If this is your first NetVUE Conference, you are not alone! Over the course of NetVUE’s history, approximately half of the participants in each biennial conference have been new to the network, or at least new to the event. The conference is known for the energy of its participants and an extremely full program, so first-time participants are strongly encouraged to arrive by midday on Thursday in order to participate in a special orientation session. New participants will be introduced to the network, its staff, and its programs and services. This session will offer guidance for approaching the NetVUE Conference and bringing its insights home to campus. It also will provide an excellent opportunity for newcomers to get to know others. Please join us at 2:00 p.m. on Thursday, March 24, for this important orientation session.

Health and Safety

NetVUE is committed to the health and safety of its members and communities. Like our participants and their campuses, we are balancing the many benefits of an in-person gathering with appropriate health and safety precautions. The following measures are in place to bring colleagues together with thoughtful care for health and well-being.


All participants are expected to be up-to-date on their COVID-19 vaccine (including a booster shot, if eligible) and to verify their vaccination status on CrowdPass before arrival.


Participants should wear masks throughout the conference meeting space, except when speaking from a stage or when eating or drinking. Presenters may choose to remove their masks while speaking, so long as appropriate distancing is maintained.

Social Distance

Participants will be expected to practice social distancing in conference spaces. Session rooms will be set up to create ample physical distance between participants. Additional time has been allotted between sessions to minimize congestion in shared spaces.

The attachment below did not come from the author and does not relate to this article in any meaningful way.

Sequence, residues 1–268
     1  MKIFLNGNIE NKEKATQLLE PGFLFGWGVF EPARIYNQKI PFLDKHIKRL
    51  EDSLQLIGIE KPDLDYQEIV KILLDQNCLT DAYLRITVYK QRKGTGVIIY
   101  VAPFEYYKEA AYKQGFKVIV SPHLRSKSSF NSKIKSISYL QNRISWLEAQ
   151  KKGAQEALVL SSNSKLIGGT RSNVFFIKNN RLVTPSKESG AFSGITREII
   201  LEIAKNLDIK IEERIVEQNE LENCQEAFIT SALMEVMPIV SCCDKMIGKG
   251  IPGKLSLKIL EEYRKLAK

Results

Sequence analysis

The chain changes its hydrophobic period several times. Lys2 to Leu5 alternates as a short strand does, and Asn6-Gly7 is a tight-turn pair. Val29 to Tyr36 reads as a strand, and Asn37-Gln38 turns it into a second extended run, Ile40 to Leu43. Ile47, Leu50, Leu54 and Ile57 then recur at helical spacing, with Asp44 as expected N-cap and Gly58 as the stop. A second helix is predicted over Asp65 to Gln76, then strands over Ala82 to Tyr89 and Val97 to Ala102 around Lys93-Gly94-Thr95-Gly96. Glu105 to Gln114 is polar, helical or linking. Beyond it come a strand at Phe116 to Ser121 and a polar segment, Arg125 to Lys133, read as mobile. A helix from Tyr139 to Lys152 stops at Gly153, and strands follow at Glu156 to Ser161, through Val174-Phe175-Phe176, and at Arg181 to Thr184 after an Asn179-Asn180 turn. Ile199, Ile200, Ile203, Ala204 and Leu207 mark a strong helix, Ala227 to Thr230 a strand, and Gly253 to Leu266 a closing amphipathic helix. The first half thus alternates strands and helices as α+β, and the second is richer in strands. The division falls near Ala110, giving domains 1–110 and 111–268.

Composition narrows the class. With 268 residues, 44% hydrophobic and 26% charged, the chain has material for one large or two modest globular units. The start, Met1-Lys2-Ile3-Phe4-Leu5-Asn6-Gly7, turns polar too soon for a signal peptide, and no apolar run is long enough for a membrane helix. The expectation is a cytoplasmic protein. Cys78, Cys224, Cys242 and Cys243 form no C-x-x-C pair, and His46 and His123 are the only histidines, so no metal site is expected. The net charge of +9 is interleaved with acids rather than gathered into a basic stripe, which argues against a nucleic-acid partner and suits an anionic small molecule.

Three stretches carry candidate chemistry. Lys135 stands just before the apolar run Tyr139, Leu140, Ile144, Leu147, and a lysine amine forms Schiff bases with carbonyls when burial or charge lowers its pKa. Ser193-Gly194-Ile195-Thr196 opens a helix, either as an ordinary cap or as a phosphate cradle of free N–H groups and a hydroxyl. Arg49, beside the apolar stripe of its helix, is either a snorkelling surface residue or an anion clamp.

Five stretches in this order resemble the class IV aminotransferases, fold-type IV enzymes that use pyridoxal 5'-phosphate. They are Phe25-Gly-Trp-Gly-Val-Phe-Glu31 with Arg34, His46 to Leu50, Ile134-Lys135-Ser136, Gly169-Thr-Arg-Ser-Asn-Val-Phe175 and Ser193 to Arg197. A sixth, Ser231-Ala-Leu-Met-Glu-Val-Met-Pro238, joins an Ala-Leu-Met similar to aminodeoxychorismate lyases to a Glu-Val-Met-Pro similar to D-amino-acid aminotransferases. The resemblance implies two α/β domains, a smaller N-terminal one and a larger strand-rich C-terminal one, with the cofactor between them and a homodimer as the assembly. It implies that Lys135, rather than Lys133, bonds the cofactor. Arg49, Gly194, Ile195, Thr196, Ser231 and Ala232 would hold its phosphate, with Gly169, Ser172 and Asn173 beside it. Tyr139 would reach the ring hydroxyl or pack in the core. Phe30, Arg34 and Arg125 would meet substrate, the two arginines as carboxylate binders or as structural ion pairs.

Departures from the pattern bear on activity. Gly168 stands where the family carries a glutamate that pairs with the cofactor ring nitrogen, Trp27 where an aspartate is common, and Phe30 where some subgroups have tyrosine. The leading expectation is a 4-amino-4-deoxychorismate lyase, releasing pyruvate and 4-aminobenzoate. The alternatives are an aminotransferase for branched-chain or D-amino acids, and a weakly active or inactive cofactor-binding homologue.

Food and Beverage

All break and meal spaces will allow for social distancing. Masks and gloves are required of all food and beverage staff. All participants should wear masks when not actively eating or drinking.

Hand Hygiene

Hand sanitizer stations will be available in high-traffic areas, such as meeting room corridors and near food and beverage stations.

Cleaning and Sanitization

Additional time between sessions will allow for enhanced cleaning protocols, with particular attention given to high-touch areas during conference hours and deep cleaning and disinfecting at the end of each day.


Participants experiencing any signs of illness, including cold or flu-like symptoms, should self-isolate in their hotel sleeping room. Participants experiencing any symptoms typical of COVID-19 infection should be tested. NetVUE has arranged for a health care provider to be on-site during specific hours; see Guidebook for information about this service , as well as local medical providers and testing resources. Report any suspected or confirmed cases of COVID-19 to NetVUE staff at (202) 773-0770. And in a true medical emergency, call 911.

About NetVUE

The Network for Vocation in Undergraduate Education (NetVUE) is a nationwide campus-supported network that fosters vocational exploration and discernment among college and university students. Through national conferences and regional gatherings, faculty seminars and scholarly resources, campus visit and consulting programs, and a wide range of grant initiatives, NetVUE encourages member institutions to develop and extend vocation-related conversations and programming on their campuses.